RICHMOND, Va., June 1 /PRNewswire/ -- Dominion Virginia Power has been preparing for the arrival of the 2010 hurricane season, which begins June 1, by working closely with local, state and federal emergency response organizations. The company also is providing storm training for key responders, conducting emergency response drills, and strengthening its service restoration processes.
"Dominion Virginia Power employees throughout the company work around-the-clock to keep the lights on," said Rodney Blevins, vice president – Distribution Operations. "Equipment inspections and maintenance are important, as is our program of preventing trees and other objects from coming into contact with electric lines.
"When severe weather brings extreme conditions and causes outages, we strive to be ready to respond. Without a doubt, we have many opportunities to practice and refine our outage restoration program," Blevins said. Storm restoration information, including an interactive outage viewer, is available online at http://www.dom.com/storm-center/index.jsp. (Note to editors: A video of Blevins describing Dominion's storm response organization in the operations center is available online at http://www.youtube.com/watch?v=m5sesdsPdec
Within Dominion's 30,000-square-mile service area are more than 800,000 utility poles, 500,000 transformers and 62,000 miles of distribution and transmission lines. This area is affected by anywhere from 250 to 500 thunderstorms and more than 200,000 lightning strikes in a typical year. Moderate hurricanes that cause up to 200,000 power outages occur about every two years, while major hurricanes affecting 800,000 or more customers take place every four to six years.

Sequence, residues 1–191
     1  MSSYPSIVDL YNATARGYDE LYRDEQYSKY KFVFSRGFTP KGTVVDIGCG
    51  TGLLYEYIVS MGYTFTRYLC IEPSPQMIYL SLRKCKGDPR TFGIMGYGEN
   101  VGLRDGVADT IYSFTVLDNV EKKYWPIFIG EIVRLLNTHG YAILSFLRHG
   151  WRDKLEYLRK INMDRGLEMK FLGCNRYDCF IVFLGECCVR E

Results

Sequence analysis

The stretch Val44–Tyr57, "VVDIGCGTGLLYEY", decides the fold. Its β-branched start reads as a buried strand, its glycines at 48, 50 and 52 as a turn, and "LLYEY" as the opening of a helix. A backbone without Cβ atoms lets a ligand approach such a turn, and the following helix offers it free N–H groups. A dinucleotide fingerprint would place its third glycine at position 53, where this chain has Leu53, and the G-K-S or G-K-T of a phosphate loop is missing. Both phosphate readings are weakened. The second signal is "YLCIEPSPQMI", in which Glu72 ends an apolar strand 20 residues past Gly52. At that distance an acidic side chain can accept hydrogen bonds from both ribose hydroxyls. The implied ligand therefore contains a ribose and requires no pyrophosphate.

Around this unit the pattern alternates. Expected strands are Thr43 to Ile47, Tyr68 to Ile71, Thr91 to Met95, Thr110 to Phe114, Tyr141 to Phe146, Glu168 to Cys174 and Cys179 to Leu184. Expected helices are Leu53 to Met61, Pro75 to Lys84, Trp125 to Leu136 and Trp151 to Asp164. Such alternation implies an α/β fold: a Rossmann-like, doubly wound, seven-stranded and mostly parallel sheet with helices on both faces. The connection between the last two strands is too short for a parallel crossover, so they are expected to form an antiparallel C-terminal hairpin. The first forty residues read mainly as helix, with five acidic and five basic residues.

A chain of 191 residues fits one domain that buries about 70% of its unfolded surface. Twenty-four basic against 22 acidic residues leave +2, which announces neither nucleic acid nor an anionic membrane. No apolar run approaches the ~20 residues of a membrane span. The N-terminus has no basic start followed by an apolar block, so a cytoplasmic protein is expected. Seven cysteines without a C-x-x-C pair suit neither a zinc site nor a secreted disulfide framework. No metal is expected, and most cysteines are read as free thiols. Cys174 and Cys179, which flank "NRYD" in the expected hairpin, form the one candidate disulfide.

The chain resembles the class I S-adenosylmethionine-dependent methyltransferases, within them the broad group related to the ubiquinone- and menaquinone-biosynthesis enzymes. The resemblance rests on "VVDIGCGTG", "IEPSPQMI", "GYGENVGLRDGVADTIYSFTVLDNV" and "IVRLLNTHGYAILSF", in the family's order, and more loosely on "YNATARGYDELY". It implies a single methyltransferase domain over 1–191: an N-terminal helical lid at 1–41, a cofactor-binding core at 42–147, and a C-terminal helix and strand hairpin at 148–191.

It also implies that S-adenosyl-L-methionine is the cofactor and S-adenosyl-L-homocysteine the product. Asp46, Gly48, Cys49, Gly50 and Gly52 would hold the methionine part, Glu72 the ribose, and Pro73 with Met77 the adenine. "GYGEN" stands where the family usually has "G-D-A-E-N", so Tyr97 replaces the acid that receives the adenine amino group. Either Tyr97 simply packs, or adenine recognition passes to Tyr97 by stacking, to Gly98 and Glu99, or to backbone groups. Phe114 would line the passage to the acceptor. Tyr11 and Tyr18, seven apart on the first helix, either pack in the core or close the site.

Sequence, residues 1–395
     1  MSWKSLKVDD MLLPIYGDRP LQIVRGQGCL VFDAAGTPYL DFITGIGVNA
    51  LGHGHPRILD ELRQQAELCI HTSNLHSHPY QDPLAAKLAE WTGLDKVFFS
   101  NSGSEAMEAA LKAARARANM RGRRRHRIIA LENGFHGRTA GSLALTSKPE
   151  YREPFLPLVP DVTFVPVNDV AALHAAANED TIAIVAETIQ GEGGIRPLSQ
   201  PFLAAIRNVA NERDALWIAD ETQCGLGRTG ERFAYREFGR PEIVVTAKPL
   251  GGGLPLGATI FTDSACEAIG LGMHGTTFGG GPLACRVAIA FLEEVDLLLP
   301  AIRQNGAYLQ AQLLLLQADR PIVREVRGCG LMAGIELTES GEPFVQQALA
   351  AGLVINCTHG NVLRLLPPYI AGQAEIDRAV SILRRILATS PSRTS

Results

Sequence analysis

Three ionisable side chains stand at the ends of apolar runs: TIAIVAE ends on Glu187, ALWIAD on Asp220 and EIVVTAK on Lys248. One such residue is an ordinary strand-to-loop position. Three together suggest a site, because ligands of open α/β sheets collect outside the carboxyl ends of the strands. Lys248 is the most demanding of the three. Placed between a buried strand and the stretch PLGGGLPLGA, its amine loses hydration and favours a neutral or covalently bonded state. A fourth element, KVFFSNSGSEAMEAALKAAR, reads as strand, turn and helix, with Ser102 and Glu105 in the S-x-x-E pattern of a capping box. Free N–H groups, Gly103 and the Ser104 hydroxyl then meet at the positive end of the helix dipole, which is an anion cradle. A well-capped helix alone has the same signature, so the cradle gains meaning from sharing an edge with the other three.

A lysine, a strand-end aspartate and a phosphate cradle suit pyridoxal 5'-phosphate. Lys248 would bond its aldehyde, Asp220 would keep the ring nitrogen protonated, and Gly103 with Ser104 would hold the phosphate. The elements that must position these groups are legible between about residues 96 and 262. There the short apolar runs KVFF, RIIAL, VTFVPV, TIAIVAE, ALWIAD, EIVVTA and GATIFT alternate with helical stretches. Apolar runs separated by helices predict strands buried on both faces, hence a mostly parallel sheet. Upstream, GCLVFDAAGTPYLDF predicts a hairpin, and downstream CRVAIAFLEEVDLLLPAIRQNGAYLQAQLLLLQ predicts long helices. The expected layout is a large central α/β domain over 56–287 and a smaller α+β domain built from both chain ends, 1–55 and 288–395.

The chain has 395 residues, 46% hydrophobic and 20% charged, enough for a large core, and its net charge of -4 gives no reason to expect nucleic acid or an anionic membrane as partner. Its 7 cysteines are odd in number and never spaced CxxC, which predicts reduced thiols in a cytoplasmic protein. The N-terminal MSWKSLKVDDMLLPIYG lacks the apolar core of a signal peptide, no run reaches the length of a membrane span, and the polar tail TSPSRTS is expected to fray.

"We encourage our customers to be prepared and keep themselves safe during significant weather events, just as our crews are ready to work safely in restoring power," Blevins said. "It's best for both our company and customers to understand the severe challenges summer thunderstorms and hurricanes can present."
Dominion reminds its customers to call toll free 1-866-DOM-HELP (1-866-366-4357) to report outages, downed power lines and trees or other objects near downed lines. The company's outage reporting system, which consists of call-center representatives and an automated voice response unit, can handle up to 100,000 calls an hour. Using the voice-response unit is the quickest way to report outages and downed power lines.
In-house weather forecasters in Dominion's Weather Center in its Richmond office constantly monitors all approaching weather systems to enable the company to prepare for potential operational problems before inclement weather strikes.
The company asks its customers to pay attention to weather reports including those provided by the National Oceanic and Atmospheric Administration. If severe weather is expected, take these common-sense steps to prepare for possible outages:
Before the storm
- Read the hurricane evacuation guidelines available at the Virginia Department of Transportation's Web site: http://www.virginiadot.org/travel/hurricane_default.asp
- Develop an emergency plan that addresses any special medical needs you have. Information is available on the Virginia Department of Emergency Management's Web site at: http://www.vaemergency.com/threats/hurricane/index.cfm